Concrete Terminology » B
backer rod—a flexible, compressible rod placed in a joint to reduce the depth of sealant and improve its shape factor; it also serves to support the sealant against sagging and indentation.
backpack grouting—see grouting, backpack.
back plastering—plaster applied to one face of a lath system following application and subsequent hardening of plaster applied to the opposite face. (See also parge.)
backshores—shores placed snugly under a concrete slab or structural member after the original formwork and shores have been removed from a small area without allowing the entire slab or member to deflect or support its own mass or existing construction loads.
backup wall—the inner layer of a masonry wall system.
balanced moment—moment capacity at simultaneous crushing of concrete and yielding of tension steel.
balanced reinforcement—an amount and distribution of reinforcement in a flexural member such that in working-stress design the allowable tensile stress in the steel and the allowable compressive stress in the concrete are attained simultaneously; or such that in strength design, the tensile reinforcement reaches its specified yield strength simultaneously with the concrete in compression reaching its assumed ultimate strain of 0.003.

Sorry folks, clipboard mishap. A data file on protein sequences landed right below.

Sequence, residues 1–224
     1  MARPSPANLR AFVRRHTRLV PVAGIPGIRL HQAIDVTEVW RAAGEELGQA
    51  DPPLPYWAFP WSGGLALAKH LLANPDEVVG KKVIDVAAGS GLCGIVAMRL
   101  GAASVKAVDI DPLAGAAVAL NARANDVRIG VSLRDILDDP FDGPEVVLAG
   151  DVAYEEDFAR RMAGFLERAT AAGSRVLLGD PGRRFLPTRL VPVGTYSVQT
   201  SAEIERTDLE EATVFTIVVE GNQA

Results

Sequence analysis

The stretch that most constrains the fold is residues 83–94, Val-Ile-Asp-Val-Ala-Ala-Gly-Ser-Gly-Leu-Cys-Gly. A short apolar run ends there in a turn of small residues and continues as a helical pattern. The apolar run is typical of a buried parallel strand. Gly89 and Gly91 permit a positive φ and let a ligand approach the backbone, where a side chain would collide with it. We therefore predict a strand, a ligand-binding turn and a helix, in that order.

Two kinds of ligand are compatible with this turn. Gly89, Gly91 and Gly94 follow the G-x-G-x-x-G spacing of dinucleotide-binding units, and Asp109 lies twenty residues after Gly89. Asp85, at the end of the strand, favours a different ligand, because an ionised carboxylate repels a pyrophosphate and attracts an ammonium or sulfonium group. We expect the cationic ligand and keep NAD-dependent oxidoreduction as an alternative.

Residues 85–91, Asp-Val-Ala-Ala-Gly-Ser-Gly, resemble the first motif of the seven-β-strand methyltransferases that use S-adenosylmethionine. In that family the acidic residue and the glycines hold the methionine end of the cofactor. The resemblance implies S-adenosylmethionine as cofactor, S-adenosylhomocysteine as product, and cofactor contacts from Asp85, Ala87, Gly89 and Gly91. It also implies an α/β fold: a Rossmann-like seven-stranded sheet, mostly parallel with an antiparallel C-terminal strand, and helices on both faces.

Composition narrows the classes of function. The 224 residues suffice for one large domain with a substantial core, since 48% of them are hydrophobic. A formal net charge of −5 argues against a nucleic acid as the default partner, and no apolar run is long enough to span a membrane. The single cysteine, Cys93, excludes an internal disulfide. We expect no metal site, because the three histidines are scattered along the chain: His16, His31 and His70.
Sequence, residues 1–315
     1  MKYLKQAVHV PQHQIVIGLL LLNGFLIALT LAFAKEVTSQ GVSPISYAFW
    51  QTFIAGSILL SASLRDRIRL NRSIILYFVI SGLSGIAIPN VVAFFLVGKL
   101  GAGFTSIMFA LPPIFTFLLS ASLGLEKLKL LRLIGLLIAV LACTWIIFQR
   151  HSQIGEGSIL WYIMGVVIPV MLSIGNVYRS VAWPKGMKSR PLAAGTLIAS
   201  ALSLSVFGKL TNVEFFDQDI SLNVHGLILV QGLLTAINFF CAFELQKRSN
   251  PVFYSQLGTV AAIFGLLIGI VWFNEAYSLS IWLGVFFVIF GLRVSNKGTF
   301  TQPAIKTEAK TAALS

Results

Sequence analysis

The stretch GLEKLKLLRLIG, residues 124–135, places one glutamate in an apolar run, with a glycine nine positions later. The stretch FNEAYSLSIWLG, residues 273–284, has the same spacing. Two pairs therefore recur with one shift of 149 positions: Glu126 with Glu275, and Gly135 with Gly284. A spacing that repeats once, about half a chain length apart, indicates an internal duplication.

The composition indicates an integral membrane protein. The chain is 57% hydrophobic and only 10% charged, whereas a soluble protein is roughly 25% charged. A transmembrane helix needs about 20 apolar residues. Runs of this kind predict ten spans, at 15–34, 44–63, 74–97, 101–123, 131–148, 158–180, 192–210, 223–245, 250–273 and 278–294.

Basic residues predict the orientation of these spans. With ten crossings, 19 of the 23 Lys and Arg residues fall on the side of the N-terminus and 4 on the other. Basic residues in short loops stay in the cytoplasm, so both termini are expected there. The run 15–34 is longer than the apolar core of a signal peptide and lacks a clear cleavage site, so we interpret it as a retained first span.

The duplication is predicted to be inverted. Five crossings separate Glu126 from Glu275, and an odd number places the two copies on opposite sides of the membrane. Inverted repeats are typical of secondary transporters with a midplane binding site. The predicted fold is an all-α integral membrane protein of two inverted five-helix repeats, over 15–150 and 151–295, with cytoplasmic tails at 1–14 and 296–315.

band iron—thin metal strap used as a form tie, hanger, etc.
bar—an element, normally composed of steel, with a nominally uniform cross-sectional area used to reinforce concrete.
bar, coated—a bar on which a coating has been applied, usually to increase resistance to corrosion.
bar, deformed—a reinforcing bar with a manufactured pattern of surface ridges intended to reduce slip and increase pullout resistance of bars embedded in concrete.
bar, epoxy-coated—a reinforcing bar coated by an epoxy-resin system, usually to increase resistance to corrosion.
bar, high-bond—see bar, deformed (preferred term).
bar, plain—a reinforcing bar without surface deformations, or one having deformations that do not conform to the applicable requirements.
bar, reinforcement—see reinforcement.
bar, standard hooked—a reinforcing bar with the end bent into a hook to provide anchorage.
bar, tie—bar at right angles to, and tied to reinforcement to keep it in place.
bar bender—a tradesman who cuts and bends steel reinforcement; or a machine for bending steel reinforcement.